Next, chop a little of every non-cruciferous vegetable you have in the house into bite sized pieces. We like onion, garlic, carrots, beets, jicama, winter squash, celery root, lambs quarters, fennel, spinach, leeks, and parsnips. (And I sometimes cheat and use rutebega, daikon, and turnip — but you *must* keep the temperature low if you do that. Overcooked brassica lets loose an awful sulphery smell that no one will want to eat.)
Toss the vegetables into the soup and let them cook very slowly. If you want to add more meat, that’s yummy, too. When the vegetables are soft to your taste, you’re ready to have your first taste. About five minutes before you serve it, toss in some dried herbs in to the pot. If you like onion and garlic powder, you can add them now, too.
OK, so far that’s just soup.
What makes it perpetual soup is that you leave it covered on the stove at about 170 degrees. Help yourself all day. After serving the soup, add enough water to replace what you’ve taken out. Leave it covered on the stove over night.
Next morning, you’ll find that the vegetables have just about disintegrated. Bring the soup stock up to a boil for a couple of minutes, while you raid the vegetable bin. Chop the vegetables up into bite sized pieces, then lower the temperature under the stock back to a simmer and put in the vegetables and another tablespoon of lemon juice. If you use a different variety of vegetables every morning, the soup will be a new feast every day. (This is a good time to wander through the produce section picking up vegetables you’re not in the habit of preparing.)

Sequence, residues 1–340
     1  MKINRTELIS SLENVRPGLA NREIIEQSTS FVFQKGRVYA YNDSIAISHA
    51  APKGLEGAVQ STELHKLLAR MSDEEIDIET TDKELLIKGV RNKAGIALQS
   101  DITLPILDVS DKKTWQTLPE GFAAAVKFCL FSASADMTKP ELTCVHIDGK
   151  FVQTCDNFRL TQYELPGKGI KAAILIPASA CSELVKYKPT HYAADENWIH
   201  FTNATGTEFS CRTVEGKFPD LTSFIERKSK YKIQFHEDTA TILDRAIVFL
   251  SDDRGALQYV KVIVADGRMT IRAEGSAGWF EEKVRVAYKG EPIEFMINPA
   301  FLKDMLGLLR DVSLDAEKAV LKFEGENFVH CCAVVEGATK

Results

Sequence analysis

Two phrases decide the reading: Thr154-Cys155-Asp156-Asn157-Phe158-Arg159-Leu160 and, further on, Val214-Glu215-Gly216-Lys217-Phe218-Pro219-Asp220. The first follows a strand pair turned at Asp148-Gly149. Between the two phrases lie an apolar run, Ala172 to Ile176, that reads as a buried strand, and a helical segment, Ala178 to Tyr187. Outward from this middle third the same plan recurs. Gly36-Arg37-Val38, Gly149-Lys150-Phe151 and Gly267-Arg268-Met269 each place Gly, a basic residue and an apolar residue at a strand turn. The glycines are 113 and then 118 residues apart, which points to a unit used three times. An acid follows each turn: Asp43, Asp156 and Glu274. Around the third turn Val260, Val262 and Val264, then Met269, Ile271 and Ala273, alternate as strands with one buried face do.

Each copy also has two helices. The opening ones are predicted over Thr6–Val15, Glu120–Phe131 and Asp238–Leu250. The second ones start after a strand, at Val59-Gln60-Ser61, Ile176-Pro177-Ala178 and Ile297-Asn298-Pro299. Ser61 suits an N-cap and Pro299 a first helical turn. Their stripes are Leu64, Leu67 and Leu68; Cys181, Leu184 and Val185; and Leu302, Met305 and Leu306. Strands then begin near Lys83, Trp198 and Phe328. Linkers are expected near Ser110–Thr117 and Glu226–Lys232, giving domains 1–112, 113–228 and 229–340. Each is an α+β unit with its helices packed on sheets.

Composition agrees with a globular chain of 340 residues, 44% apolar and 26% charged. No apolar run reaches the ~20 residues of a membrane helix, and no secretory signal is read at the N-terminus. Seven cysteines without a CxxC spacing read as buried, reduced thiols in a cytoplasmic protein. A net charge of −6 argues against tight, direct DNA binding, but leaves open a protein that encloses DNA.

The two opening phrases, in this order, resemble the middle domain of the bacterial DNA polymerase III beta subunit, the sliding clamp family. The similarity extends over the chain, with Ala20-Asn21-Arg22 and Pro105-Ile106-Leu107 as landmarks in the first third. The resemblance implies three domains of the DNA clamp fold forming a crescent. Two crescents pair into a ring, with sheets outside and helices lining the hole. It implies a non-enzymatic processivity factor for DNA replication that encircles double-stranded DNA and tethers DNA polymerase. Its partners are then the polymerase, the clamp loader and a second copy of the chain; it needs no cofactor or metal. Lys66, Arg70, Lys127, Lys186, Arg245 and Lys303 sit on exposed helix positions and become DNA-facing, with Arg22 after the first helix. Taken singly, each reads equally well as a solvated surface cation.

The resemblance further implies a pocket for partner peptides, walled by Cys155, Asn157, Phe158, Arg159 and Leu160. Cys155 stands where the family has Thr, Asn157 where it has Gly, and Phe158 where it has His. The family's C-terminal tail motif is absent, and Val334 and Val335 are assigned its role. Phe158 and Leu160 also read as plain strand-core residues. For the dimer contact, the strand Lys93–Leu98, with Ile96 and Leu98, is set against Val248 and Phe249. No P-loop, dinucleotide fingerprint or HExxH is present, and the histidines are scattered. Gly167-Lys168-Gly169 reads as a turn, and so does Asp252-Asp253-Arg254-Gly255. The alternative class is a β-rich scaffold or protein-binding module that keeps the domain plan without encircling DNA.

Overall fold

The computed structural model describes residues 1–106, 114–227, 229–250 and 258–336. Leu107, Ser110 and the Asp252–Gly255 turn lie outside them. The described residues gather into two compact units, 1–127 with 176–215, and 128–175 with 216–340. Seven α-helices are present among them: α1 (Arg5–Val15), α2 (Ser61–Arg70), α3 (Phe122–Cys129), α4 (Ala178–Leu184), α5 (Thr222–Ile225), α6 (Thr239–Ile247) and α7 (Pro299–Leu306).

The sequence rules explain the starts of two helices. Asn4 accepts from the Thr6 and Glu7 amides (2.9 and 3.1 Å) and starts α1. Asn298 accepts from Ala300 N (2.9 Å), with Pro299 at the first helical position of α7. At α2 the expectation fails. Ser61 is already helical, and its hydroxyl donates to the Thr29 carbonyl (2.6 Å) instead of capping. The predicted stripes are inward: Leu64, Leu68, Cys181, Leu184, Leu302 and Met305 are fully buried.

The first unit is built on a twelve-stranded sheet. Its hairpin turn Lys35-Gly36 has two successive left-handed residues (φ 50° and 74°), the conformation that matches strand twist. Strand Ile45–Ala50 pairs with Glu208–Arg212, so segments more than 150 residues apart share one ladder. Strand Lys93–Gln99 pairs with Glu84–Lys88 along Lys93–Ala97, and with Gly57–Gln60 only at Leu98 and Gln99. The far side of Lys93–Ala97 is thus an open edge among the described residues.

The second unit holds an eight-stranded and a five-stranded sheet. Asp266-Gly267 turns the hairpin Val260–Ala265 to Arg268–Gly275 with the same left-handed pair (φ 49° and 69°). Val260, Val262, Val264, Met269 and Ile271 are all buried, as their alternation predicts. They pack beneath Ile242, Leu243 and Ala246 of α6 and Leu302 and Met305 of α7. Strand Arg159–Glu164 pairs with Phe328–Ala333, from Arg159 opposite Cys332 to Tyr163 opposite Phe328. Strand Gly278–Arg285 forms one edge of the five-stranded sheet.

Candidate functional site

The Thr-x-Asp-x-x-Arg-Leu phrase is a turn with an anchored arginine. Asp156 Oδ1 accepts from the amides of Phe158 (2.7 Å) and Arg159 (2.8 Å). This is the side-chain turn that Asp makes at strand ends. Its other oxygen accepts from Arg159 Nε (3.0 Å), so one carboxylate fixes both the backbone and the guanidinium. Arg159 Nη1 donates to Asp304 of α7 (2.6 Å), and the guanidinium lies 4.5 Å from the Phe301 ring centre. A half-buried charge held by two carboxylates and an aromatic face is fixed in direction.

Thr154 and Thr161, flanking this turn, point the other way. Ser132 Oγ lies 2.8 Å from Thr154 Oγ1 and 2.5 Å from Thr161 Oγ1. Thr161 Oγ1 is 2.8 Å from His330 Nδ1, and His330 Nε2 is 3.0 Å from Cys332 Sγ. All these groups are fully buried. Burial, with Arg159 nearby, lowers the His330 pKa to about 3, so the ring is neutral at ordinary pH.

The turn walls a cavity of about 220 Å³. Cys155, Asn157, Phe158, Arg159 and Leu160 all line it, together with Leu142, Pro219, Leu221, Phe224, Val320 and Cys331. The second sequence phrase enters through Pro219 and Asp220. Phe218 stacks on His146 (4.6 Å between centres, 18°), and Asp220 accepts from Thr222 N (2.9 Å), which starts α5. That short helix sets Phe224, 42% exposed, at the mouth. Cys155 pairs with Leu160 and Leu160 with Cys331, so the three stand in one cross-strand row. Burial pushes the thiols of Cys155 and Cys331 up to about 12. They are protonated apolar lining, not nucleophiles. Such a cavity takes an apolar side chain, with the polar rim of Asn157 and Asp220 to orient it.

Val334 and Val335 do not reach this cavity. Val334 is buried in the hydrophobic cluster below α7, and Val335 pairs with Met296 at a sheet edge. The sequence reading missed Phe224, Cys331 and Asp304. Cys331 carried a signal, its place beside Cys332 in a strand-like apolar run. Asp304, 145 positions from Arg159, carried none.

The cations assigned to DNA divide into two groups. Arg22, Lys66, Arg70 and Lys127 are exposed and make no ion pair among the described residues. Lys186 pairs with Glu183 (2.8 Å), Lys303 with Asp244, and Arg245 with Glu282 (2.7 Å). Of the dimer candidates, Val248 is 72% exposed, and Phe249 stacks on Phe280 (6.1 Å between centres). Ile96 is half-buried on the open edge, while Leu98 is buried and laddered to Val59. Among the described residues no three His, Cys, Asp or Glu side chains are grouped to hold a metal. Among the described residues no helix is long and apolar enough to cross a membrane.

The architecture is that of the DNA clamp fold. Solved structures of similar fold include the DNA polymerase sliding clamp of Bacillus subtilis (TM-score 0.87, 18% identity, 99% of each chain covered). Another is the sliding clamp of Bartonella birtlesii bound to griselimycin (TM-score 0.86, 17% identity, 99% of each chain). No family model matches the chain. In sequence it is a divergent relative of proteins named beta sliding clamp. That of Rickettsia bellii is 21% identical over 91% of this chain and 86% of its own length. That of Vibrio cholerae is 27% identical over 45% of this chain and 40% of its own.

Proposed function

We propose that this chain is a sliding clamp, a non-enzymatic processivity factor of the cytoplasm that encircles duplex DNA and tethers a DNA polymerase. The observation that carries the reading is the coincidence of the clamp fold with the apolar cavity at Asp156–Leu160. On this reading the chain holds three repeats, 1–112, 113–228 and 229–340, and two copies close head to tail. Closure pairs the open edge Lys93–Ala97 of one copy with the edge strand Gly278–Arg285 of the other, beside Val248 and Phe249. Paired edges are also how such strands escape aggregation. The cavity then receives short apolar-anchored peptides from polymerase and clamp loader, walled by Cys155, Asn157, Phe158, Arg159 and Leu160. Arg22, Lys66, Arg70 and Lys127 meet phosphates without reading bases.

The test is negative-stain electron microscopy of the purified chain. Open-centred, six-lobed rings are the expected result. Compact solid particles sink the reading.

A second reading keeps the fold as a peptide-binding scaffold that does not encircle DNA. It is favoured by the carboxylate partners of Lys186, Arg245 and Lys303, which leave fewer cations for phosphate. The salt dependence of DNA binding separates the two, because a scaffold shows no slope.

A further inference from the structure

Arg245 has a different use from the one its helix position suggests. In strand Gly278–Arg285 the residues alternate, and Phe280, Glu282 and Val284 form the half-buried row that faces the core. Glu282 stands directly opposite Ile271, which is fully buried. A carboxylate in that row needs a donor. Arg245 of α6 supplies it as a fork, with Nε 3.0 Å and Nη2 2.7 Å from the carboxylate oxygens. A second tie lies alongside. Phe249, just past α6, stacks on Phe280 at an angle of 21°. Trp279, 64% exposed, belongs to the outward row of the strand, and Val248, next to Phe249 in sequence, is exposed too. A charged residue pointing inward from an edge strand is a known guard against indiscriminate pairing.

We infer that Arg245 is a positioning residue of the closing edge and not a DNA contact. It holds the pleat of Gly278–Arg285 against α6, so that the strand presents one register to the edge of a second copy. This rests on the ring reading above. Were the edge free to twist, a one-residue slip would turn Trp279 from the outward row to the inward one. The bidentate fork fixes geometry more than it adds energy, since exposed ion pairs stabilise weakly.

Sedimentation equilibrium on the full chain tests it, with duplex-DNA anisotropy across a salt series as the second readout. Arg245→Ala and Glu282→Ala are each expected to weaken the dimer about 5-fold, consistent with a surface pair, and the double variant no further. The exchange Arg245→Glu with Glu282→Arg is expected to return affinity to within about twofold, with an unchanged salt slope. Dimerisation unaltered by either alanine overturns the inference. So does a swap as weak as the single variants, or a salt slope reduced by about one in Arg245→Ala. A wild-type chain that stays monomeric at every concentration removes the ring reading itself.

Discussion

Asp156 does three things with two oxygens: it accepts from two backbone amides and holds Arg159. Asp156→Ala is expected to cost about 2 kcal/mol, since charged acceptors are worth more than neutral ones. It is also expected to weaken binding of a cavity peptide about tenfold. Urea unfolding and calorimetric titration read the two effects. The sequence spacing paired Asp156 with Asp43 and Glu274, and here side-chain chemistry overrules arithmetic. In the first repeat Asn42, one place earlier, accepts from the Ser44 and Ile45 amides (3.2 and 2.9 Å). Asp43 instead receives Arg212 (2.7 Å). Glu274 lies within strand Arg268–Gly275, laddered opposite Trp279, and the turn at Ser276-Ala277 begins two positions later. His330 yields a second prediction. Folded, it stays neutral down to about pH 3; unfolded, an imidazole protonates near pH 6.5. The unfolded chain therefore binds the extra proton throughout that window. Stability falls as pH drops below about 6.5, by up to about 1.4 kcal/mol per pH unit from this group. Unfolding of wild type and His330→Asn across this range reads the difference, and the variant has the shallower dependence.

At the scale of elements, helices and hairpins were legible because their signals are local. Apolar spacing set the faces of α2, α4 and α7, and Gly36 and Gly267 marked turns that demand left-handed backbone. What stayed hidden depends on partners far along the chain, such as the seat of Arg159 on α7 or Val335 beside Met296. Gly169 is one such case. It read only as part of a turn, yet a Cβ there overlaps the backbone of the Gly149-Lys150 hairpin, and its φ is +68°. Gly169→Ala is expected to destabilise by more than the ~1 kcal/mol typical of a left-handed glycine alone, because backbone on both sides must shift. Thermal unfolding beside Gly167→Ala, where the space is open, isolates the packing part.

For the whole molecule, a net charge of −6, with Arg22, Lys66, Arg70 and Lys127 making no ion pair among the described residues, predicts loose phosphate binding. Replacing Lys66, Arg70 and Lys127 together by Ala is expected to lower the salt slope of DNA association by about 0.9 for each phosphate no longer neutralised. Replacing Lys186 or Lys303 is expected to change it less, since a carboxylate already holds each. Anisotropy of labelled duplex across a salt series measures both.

When the vegetables are soft, your soup is ready to face the day. Bon apetit!
We have been keeping our soup going for a week at a time, and on the last day, the cruciferous vegetables and tomatoes go in for a totally different effect. We finish that up, and start it all over again.
I started out to scribe the longevity exercises that Rod and I do most mornings, and decided that it was not a good morning for that. Way too much to tackle when my attention span is that of a gnat. Rod is working on it, too, so I hope we’ll get something up one of these days soon.
My dairy free experiment lasted all of a week. I know I will eventually cut it out completely, because the dark circles under my eyes are a message from my body. Milk is not doing good things for me. (And new symptoms have cropped up since I started with milk again — classic lactose intolerance tummy issues. Yuck.) However I found it very, very hard to stay with dairy free this time.